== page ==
When you walk through South Lake Union, words you might think of include Amazon, Paul Allen, tech, REI, Vulcan, Pink Elephant, growth, MOHAI, development and… conservation? How our innovative program is transforming our region’s landscape.

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Invasive Species Awareness Week

On a basic level, most invasive species are non-native organisms (plant, animal, insect, etc.) that have been ‘introduced’ into an environment. This year, in honor of Invasive Species Awareness Week, we asked the experts what their “favorite” invasive is and the gory details behind their love-hate relationship with these plants.

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6 Things We Learned at the Cross Laminated Timber Forum

100 leaders from around Washington and the PNW gathered to celebrate a year of progress catalyzing a market for CLT.

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Brownfield to Keystone: Ellensburg’s new fire station

Ellensburg’s new fire station rose up in place of a truck weigh station that left the soil contaminated with petroleum. The endangered salmon creek that runs past it is being restored, too.

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Bringing community together to get ahead of growth in Everett

About 100 city and county leaders gathered earlier this month in Everett to discuss a vision for the redevelopment and revitalization of the neighborhood surrounding Everett Station. Walking through the area today, a pedestrian passes light industry and warehouses, vacant lots, and pockets of crime and homelessness.

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Earth Day 2016: Take a “paws” to be inspired

In this 46th year of Earth Day celebration, there has never been a more adorable, fluffy, and slobbery champion. The Conservation Canines team, based out of the University of Washington, spends a lot of time thinking outside of the box to solve complex issues.

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Cultivating crops, cultivating community in Tukwila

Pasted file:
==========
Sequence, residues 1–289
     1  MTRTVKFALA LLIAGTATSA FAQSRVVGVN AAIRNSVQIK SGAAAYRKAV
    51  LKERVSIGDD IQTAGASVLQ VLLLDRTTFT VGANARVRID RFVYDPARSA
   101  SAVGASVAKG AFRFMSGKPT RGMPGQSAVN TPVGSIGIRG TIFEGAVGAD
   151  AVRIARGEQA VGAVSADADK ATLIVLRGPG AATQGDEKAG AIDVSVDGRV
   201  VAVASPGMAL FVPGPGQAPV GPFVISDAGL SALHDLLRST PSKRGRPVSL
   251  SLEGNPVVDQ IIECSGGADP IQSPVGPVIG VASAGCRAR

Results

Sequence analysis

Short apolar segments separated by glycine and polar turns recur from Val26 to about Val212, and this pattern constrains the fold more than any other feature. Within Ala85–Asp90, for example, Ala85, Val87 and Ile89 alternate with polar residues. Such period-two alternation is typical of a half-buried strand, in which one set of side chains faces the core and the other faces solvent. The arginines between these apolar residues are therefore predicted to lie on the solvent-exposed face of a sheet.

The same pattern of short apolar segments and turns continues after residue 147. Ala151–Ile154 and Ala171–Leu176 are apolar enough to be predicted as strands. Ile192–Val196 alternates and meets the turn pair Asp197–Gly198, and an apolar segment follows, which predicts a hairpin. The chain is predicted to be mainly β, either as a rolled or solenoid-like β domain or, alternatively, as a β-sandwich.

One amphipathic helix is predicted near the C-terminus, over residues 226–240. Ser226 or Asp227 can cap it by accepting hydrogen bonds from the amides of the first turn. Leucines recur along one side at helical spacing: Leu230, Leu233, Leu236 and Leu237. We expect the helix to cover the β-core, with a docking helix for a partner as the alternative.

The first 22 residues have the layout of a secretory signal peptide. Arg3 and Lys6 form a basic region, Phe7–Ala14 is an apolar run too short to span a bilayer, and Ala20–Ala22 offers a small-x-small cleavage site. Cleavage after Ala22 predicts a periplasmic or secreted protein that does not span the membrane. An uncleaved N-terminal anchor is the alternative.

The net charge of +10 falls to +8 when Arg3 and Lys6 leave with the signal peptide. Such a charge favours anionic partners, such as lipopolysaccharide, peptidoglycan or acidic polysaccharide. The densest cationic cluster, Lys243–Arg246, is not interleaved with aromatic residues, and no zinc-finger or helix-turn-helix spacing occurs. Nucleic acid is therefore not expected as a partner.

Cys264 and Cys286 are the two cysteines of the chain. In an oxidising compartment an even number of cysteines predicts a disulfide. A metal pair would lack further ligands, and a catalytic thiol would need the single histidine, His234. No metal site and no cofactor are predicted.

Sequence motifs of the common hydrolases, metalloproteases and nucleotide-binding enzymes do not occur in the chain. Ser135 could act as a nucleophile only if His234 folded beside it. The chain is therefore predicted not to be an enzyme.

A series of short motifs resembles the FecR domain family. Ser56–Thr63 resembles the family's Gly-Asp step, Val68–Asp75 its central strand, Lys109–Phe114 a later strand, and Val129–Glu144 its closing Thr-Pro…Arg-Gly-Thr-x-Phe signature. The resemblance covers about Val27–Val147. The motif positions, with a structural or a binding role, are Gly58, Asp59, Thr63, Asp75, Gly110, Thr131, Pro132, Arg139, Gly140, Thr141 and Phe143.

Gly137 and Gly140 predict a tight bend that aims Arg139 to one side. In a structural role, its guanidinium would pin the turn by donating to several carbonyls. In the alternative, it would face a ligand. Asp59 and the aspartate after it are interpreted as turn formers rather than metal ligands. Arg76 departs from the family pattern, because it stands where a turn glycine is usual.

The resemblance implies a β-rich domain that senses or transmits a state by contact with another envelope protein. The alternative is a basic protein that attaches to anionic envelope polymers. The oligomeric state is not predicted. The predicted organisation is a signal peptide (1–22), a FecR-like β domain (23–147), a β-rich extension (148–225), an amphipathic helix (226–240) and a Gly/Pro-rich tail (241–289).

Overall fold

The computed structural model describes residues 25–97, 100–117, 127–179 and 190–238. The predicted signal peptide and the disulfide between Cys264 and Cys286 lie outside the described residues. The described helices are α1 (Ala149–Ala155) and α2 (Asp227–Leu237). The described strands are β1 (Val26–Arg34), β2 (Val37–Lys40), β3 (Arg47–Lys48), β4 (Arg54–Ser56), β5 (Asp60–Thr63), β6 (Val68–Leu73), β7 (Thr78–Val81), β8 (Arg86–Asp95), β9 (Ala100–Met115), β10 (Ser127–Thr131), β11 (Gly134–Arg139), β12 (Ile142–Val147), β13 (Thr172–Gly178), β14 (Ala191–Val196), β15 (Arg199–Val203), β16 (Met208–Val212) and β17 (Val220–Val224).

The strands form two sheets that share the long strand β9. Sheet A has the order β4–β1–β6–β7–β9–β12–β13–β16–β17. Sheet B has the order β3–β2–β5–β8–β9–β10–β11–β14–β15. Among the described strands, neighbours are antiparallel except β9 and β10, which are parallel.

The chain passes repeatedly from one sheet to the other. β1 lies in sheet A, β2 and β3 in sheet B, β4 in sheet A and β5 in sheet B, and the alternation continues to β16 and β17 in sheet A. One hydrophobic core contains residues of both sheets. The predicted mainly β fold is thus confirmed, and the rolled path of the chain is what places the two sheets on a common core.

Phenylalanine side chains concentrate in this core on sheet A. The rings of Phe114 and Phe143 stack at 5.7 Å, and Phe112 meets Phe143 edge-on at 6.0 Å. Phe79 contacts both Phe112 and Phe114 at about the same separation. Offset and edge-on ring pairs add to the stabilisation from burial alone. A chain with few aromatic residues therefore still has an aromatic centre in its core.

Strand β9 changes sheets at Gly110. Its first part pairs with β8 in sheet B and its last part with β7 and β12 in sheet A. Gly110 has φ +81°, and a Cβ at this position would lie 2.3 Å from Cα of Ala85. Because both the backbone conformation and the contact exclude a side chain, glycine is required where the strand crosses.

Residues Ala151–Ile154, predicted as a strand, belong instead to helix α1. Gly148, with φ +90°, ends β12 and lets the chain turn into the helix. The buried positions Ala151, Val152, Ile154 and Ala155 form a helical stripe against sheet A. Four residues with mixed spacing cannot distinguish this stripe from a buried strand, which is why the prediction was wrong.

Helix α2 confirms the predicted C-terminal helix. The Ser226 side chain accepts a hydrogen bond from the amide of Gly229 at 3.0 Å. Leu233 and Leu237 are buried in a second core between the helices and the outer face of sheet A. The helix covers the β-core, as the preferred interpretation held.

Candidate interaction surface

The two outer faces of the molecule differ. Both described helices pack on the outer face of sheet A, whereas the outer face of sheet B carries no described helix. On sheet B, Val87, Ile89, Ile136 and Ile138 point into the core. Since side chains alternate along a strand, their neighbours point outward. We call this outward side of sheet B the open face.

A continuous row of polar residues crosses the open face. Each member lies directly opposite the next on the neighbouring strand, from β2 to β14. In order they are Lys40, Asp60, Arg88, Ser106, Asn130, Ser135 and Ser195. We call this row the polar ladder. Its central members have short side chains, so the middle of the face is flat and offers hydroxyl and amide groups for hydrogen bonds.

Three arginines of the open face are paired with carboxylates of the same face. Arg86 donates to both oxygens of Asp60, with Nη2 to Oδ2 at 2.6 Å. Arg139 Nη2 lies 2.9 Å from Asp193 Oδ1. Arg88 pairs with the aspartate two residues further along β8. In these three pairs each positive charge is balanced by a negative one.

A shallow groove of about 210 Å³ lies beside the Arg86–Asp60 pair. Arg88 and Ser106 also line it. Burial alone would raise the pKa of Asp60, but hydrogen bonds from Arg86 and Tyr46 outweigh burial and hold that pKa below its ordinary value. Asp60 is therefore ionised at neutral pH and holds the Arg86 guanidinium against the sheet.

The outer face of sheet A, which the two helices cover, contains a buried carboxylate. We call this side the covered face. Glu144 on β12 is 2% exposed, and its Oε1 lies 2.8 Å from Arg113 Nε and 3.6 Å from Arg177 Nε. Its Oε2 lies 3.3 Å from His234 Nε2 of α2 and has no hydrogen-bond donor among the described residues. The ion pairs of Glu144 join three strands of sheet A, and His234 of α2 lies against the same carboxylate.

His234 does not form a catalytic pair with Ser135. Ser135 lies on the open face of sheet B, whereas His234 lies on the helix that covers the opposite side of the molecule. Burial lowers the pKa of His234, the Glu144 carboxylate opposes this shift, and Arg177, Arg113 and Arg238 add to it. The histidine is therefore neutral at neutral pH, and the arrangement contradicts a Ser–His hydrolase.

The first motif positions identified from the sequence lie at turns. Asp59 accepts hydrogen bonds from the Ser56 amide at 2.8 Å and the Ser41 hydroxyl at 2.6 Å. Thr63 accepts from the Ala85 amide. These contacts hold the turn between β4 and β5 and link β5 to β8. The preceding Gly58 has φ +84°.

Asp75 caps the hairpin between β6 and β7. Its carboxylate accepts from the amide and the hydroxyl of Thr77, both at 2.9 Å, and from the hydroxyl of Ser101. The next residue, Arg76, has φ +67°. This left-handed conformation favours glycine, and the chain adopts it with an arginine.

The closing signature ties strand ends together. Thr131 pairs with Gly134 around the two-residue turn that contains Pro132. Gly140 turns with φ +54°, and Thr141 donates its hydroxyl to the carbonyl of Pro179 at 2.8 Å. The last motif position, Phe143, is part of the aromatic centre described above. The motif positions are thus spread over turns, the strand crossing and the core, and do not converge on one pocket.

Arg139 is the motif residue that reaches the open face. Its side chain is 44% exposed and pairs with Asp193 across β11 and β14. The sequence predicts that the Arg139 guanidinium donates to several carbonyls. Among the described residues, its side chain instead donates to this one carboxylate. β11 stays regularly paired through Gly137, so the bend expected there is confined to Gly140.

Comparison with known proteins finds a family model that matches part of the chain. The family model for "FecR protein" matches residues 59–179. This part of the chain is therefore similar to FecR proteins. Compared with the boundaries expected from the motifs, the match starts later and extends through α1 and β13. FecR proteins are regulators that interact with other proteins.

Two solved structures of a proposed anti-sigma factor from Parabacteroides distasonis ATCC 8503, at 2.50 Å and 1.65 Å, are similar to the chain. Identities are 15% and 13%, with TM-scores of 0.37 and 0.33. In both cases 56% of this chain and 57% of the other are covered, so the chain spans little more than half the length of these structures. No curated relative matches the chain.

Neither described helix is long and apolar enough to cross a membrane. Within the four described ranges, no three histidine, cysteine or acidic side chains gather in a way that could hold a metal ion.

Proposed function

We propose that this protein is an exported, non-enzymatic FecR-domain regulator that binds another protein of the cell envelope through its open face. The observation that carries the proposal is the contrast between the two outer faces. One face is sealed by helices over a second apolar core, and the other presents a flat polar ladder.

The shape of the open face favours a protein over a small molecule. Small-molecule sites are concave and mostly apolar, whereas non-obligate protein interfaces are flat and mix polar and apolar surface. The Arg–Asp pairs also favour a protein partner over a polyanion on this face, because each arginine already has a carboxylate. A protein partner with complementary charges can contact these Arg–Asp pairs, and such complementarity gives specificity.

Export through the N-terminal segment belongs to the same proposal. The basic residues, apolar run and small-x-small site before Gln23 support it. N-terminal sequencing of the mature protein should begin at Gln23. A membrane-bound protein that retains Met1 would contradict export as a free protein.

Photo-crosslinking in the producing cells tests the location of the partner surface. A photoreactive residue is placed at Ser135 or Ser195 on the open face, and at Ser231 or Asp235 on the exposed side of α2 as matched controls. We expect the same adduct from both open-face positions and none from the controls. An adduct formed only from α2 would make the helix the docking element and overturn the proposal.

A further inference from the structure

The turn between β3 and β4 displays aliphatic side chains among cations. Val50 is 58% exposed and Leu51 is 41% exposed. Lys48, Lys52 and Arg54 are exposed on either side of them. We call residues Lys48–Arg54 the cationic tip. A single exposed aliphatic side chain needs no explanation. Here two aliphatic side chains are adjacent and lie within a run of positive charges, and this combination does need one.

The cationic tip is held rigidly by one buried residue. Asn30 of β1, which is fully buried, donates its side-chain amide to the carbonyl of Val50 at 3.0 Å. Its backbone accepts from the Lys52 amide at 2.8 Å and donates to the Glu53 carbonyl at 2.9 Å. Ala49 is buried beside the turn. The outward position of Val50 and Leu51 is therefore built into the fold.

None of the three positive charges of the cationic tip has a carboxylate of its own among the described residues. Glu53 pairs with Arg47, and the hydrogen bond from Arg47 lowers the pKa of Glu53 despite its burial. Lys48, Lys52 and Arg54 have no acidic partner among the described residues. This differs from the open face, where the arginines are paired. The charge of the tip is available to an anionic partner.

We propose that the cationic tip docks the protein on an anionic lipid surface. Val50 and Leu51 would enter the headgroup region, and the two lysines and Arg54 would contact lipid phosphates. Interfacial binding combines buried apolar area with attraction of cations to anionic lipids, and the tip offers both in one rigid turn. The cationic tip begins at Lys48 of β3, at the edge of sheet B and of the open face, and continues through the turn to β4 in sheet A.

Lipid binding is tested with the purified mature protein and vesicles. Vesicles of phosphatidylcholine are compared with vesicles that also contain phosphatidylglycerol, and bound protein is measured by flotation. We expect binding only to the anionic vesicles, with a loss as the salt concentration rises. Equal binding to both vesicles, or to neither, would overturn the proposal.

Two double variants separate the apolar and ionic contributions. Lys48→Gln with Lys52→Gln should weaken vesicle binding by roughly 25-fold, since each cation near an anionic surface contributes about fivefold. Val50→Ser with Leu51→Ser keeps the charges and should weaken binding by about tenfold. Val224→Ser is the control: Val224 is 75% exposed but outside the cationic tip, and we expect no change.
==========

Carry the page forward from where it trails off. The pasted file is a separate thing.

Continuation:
Namaste Garden in Tukwila is doubling in size just in time for its sixth growing season. Community members and Forterra staff volunteered to help expand the garden.

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A conversation about growing food in a growing region

A family farmer, an agrihood manager and an edible yard landscaper talk food, preserving land and how raising chickens can build community at Forterra’s Seed & Feed speaker event.

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Saving a farm from development in Arlington

Learn how Forterra purchased Riverbend Farm to return a subdivision to farming. Meet the third generation farmer who will purchase the property.

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Cedar River: holding strong

As knotweed is removed along the Cedar River, butterfly bush is on the rise. Learn how volunteers play an important role in fighting these weeds and improving the river’s health.

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Our editorial about cross-laminated timber in The Puget Sound Business Journal

Developing a cross-laminated timber pipeline in Washington is one step toward advancing our region as a leader in the movement for great cities and sustainability.

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A focus on safety in Tukwila

Over 70 community members—both young and old—representing five language groups, police officers and fire fighters participated in meaningful conversation.

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Strength in Timbers

Washington researchers, architects and rural town boosters see promise, and possibly sustainability, in an engineered wood product called cross-laminated timber, or CLT.

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Pierce County farm tour

Strawberries, raspberries and blueberries—oh my! Forterra Regional Leader Amanda Nathan reminisces of a berry-filled childhood in Pierce County while addressing Forterra’s conservation projects working to protect farms and encourage economic prosperity in the South Sound.

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In Pierce County, a wetland provides an escape into nature

A walk through the Morse Wildlife Preserve transports you to a different world. It’s thanks to the dedicated volunteers who have worked over the past 20 years to turn this space into a community treasure.